'The Adventures of Tintin': What James Cameron Showed Spielberg and Jackson

Andrew Cooper

The "Avatar" director, who made bold advances in motion capture working with Weta's visual effects wizards, gave his colleagues a hands-on demonstration. They left convinced that computer-generated animation could do justice to the Herge comics.

Tintin, his dog Snowy and his sidekick Captain Haddock belong to a world that's a universe removed from the exotic flora and fauna of Avatar's Pandora. But thanks to Weta Digital, Peter Jackson's Oscar-winning visual effects house based in Wellington, New Zealand, there's a lot of DNA from Pandoran Na'vi blood coursing through Tintin's veins.

Back when Tintin director Steven Spielberg and producer Jackson were first deciding to make the film using motion capture and CGI animation, James Cameron offered to preview the process he had developed with Weta for shooting Avatar at Giant Studios in Los Angeles. "We did original tests on the Avatar stages while the Avatar stage was still being designed," says four-time Oscar winner Joe Letteri, who served as senior VFX supervisor on Tintin along with VFX supervisors Matt Aitken, Wayne Stables and Keith Miller. "Jim invited Steven and Peter to come and try this virtual cinematography idea out. They really liked it. We shot a test and decided to shoot the whole film that way."

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And so in 2009, Spielberg and his performers began working on the same soundstage, known as a performance capture "volume," that Avatar had employed. All the actors, including Jamie Bell as Tintin and Andy Serkis as Captain Haddock, wore performance capture suits, including head-mounted camera rigs to record details of their facial performances.

While Serkis, who played both King Kong and Gollum for Jackson, was no stranger to the process, it took some time for the others to get used to. "It's always a little bit intimidating to see yourself dressed up like Mike Nelson from Sea Hunt," says Spielberg. "They're wearing motion capture suits, they've got marks on their faces, they wear these helmets with a camera and light built in. It takes a while not to crack up while you're doing serious dialogue with a fellow actor who looks like a scuba diver."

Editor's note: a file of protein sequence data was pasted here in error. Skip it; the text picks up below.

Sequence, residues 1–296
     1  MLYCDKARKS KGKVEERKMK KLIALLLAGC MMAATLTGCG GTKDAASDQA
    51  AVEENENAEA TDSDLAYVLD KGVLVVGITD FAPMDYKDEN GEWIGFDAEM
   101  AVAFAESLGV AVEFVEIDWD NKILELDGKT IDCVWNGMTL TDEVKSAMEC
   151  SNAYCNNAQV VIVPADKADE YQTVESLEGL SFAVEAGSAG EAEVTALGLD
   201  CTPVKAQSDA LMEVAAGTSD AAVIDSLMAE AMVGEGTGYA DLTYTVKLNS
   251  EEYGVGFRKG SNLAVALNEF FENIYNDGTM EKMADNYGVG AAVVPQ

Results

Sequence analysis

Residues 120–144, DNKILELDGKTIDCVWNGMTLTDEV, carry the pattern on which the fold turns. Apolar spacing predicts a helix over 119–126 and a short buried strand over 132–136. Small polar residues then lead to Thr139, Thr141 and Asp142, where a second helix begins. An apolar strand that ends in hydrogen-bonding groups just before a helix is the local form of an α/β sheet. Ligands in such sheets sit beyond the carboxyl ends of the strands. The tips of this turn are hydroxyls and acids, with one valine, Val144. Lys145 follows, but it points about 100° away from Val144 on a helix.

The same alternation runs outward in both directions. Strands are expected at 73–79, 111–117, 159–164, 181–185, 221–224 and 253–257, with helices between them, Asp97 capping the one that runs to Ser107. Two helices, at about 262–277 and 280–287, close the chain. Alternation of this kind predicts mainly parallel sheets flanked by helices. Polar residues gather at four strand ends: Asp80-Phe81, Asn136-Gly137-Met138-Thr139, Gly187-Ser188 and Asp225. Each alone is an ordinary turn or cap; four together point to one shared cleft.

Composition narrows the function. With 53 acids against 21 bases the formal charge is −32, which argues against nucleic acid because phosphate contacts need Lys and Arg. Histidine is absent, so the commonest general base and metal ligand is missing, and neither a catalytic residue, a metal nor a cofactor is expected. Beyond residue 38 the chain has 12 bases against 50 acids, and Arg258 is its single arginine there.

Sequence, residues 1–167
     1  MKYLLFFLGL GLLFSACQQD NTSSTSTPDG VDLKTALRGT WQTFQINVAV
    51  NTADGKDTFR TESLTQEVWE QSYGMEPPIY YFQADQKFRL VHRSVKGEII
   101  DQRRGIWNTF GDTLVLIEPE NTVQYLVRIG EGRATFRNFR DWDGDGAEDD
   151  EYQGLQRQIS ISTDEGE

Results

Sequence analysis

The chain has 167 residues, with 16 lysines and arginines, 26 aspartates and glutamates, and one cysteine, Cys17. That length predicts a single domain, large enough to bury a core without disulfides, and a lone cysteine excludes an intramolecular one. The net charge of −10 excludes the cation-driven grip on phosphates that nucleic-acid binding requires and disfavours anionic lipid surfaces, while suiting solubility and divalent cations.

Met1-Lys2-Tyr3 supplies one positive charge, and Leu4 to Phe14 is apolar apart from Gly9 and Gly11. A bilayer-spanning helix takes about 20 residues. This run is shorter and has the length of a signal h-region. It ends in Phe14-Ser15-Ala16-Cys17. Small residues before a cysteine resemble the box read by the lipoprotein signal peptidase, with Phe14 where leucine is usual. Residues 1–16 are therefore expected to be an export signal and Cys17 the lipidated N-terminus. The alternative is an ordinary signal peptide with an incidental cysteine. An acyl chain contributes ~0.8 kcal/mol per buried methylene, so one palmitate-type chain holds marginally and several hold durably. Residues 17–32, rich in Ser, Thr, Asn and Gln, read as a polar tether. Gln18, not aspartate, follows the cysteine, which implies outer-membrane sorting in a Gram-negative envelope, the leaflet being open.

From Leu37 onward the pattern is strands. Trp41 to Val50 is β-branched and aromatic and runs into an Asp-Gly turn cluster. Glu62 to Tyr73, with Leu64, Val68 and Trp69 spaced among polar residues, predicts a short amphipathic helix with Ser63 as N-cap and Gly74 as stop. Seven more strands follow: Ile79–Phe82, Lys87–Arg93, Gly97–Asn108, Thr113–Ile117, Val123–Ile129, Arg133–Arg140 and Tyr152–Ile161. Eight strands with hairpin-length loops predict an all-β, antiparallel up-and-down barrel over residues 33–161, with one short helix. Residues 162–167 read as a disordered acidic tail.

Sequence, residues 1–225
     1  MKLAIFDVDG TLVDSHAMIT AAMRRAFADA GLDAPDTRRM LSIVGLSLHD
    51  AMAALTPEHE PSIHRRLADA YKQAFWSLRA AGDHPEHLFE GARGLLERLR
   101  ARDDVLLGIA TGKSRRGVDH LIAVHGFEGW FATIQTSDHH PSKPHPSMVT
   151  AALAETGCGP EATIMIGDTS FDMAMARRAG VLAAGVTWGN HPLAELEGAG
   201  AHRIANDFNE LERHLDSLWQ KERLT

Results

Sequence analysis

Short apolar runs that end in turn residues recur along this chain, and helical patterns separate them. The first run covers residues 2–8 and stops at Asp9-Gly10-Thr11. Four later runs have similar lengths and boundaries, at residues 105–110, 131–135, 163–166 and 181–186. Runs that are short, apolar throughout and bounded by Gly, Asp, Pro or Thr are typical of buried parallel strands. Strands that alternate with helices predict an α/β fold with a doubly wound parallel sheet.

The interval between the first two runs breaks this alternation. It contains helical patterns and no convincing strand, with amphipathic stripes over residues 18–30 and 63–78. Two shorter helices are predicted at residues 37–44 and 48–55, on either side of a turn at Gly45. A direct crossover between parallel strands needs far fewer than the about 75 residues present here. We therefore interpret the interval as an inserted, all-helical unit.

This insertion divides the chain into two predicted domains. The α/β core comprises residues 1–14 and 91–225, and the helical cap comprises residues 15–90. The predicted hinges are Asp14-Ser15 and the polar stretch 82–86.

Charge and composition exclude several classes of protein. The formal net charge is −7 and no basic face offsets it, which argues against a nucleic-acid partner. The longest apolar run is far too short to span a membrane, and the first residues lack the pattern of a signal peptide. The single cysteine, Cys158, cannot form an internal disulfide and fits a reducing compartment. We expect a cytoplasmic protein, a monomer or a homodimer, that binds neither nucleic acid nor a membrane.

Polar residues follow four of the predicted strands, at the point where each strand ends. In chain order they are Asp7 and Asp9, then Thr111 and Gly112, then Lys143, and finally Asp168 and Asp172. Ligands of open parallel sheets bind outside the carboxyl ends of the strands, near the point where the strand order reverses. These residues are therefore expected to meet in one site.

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The actors only had basic props to work with: Tables, chairs, a boat rocked by crew members and, for some shots, a sort of cushion used to create the sense that the characters are walking on the beach. If they needed further reference points, Spielberg just pointed them to a monitor where they could see their characters interacting in Tintin's world.

The characters were carefully designed to bring Herge's original illustrations into three dimensions. "We were always walking this line," Letteri says. "It needed to look real, but you needed to look back to what you had seen on the page."

He explains: "The simplicity of Herge's drawings of Tintin made the title character the most difficult. We made a 3D model of what he would be like if he were brought off the page. [There was] not enough to base expression or character on. Then we did a 3D model of Jamie, not that we wanted Tintin to look like Jamie, but there are certain touchstones."

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On the page, for example, Tintin and the other characters have high eyebrows, but, Letteri says, "We tried that and it didn't work. It gave all the characters a permanently surprised look. So we had to bring them down."

As for Herge's backgrounds, Letteri adds: "He worked from photographs. His drawings were always based on reality, but he would add a certain stylization to them. We took that same idea and went back to the original references. The Herge estate was great; they gave us access to all the original references that he worked from. He kept his backgrounds very simple because he wanted to keep his characters in the foreground. We played with that idea to various degrees."

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While much of the technical template for making Tintin was laid down during production of Avatar, the Weta team continued to devise new proprietary software such as that used for the oceangoing sequences. "Where Herge would draw a very simple greenish blue for water, we had to have full-on waves with foam. But we kept the same color palette and tried to block everything the way he had," says Letteri. Adds Aitken, "Weta has some new tools in place to do great-looking water on a large scale."

"Motion capture's an interesting term that I think people misunderstand a lot. They regard it as being quite a mechanical operation, which it's not," says Jackson as he and Spielberg get ready to unveil its latest application. "One thing that Steven and I were determined to do was to make it as organic as possible."


"We had no need to cast actors and then try to replicate them in their CG form, which other films had done," says Jackson. "What the actors looked like is largely irrelevant. To some degree, Jamie [Bell] looks a little like Tintin, but he was cast for his screen presence and his acting ability."

The Challenge: In Herge's illustrations, Letteri says, Tintin's head looked like "a bowling ball with a peg for a nose and two black dots for eyes."

The Eyes: They "needed a certain amount of maturity and realism," Letteri says.

The Cheekbones: The designers added cheekbones so that the character could smile properly.

The Nose: Instead of the illustrated Tintin's peg nose, the Weta team went for something "a little
more stylized."

The Eyebrows: With their high brows, Herge's characters have a constantly surprised look, so the designers intentionally brought them down a bit.